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Ansett New Zealand Flight 703

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Covid-19
Passengers  18
Fatalities  4
Operator  Ansett New Zealand
Site  Tararua Range
Injuries (nonfatal)  17
Crew  3
Survivors  17
Date  9 June 1995
Number of deaths  4
Destination  Palmerston North Airport
Ansett New Zealand Flight 703 httpsuploadwikimediaorgwikipediaenthumbd
Aircraft type  de Havilland Canada DHC-8-102
Summary  Controlled flight into terrain
Similar  Nigeria Airways Flight 357, Azerbaijan Airlines Flight 56, 1995 Alaska Boeing E, Intercontinental de Aviación, Cameroon Airlines Flight 3701

Ansett New Zealand Flight 703 was an Ansett New Zealand scheduled passenger transport flight from Auckland Airport to Palmerston North. On 9 June 1995, the de Havilland Canada Dash 8 aircraft flying this route crashed into hilly terrain in the Tararua Ranges, 16 km east of Palmerston North airport, during an instrument approach in bad weather. The aircraft was carrying 18 passengers and three crew members. All passengers were New Zealand citizens except for one United States citizen. The flight attendant and three passengers died as a result of the crash.

Contents

Aircraft

The aircraft, registration ZK-NEY, a de Havilland Canada DHC-8 Dash 8, was manufactured in Canada.

Accident

During the approach to a right turn which would place the aircraft on final approach to runway 25, the right landing gear failed to fully extend so the co-pilot began to manually extend it using a hydraulic pump. The aircraft's power settings had already been reduced to Flight Idle which was normal, but the aircraft was inadvertently allowed to descend too low toward the undulating terrain leading into Palmerston North. The initial impact with terrain occurred at 1,272 feet (388 m) above sea level; an aircraft on profile should have been 2,650 feet (810 m) above sea level.

Although Flight 703's Ground Proximity Warning System (GPWS) sounded an alarm four seconds before the aircraft hit the ground, the crew was unable to avoid the accident. According to the Transport Accident Investigation Commission (TAIC) report an audio alarm telling the crew to climb the aircraft should have sounded 17 seconds before impact, but the GPWS malfunctioned, for reasons which have never been determined. There was an investigation by the New Zealand Police in 2001 into whether or not a mobile phone call from the aircraft may have interfered with the system. The official crash report does mention the following on page 69:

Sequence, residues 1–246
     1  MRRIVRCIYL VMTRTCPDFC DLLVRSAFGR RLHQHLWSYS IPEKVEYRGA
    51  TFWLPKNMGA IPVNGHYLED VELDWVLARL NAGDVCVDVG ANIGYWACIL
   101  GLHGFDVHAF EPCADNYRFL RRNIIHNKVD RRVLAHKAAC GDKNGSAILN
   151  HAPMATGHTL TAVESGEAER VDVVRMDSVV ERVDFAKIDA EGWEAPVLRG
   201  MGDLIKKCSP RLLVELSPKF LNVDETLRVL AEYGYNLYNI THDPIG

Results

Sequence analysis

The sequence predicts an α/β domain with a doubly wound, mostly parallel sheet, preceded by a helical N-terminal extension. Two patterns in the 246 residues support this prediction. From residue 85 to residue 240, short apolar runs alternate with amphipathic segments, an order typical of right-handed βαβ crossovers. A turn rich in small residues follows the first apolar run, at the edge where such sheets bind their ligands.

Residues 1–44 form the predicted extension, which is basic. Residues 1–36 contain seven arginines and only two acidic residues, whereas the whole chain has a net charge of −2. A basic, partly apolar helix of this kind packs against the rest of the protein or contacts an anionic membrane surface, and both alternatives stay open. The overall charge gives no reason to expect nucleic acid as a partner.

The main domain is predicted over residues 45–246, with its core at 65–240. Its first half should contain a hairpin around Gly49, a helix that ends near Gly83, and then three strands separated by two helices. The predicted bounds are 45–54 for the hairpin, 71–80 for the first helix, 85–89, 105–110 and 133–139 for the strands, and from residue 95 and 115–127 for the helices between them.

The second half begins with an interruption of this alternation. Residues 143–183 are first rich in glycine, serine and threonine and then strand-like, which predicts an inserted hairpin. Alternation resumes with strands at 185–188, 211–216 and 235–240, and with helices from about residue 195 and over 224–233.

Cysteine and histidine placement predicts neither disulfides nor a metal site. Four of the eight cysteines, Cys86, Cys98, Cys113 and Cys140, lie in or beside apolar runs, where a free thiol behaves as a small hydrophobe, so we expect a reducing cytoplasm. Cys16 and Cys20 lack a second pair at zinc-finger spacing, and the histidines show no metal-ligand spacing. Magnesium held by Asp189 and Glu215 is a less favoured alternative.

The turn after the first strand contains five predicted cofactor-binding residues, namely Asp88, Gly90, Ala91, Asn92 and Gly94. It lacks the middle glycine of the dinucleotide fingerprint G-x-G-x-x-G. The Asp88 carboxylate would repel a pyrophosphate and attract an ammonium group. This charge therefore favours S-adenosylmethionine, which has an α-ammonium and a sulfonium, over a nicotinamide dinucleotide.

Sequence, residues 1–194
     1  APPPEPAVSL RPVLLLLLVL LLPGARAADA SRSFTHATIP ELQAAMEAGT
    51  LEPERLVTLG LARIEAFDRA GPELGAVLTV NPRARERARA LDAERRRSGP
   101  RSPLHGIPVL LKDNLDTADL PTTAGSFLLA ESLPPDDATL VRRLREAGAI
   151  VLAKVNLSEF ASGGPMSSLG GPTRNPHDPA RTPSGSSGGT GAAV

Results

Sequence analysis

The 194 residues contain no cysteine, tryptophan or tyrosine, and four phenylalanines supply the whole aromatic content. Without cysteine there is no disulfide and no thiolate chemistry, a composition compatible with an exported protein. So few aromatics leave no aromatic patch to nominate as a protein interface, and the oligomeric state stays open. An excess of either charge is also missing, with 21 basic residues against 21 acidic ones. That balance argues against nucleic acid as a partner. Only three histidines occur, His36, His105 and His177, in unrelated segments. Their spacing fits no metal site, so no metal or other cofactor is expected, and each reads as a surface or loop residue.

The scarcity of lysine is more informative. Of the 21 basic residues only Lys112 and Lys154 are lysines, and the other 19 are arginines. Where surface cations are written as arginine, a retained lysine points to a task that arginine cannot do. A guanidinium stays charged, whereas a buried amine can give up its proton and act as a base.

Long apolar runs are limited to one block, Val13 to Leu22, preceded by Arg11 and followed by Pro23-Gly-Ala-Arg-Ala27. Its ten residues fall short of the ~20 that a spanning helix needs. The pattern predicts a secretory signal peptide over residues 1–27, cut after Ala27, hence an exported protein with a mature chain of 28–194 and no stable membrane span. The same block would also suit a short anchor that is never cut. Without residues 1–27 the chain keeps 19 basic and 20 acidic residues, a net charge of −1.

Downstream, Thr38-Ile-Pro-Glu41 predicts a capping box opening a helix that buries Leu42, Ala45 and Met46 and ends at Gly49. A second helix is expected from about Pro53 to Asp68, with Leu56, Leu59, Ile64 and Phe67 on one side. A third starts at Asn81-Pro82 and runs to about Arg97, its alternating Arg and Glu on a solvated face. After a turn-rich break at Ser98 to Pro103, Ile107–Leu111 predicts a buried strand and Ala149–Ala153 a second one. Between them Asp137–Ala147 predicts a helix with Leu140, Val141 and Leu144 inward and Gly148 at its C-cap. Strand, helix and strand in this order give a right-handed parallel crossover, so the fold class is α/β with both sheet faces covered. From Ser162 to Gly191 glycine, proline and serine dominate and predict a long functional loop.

"The aircraft manufacturer's avionics representative advised that there was no likelihood that the operation of a computer, other electronic device or a cell phone would have affected the aircraft's flight instruments."

The captain's defence was that 4.5 seconds before impact the radar altimeter display flipped 1000 feet in altitude as he watched.

Crash site

Flight 703 pancaked onto a hilltop and broke up as it slid along the ground, killing the flight attendant instantly. Passenger Reginald John Dixon tried to free two others trapped near the wing root as the wreckage caught fire. He failed to free them and a flash fire critically burned him. He died from his injuries two weeks later. Thus three passengers also died and many others sustained injuries.

For his bravery in a dangerous situation, Dixon was awarded the New Zealand Cross, New Zealand's highest award for civilian bravery.

Possible radar altimeter malfunction

Later study of the wreckage of Flight 703 revealed that the antennas for the radar altimeter (which sends a signal to the GPWS indicating how far above the ground the aircraft is) had been painted and this possibly reduced the GPWS' ability to provide a timely alarm, although later comments by TAIC insisted the paint did not block or reflect signals. Radar altimeter antennas are clearly embossed with the words, "do not paint", a warning that was not heeded. Bench testing of the radar altimeter proved the unit was still functioning perfectly after its recovery from the wreckage.

References

Ansett New Zealand Flight 703 Wikipedia


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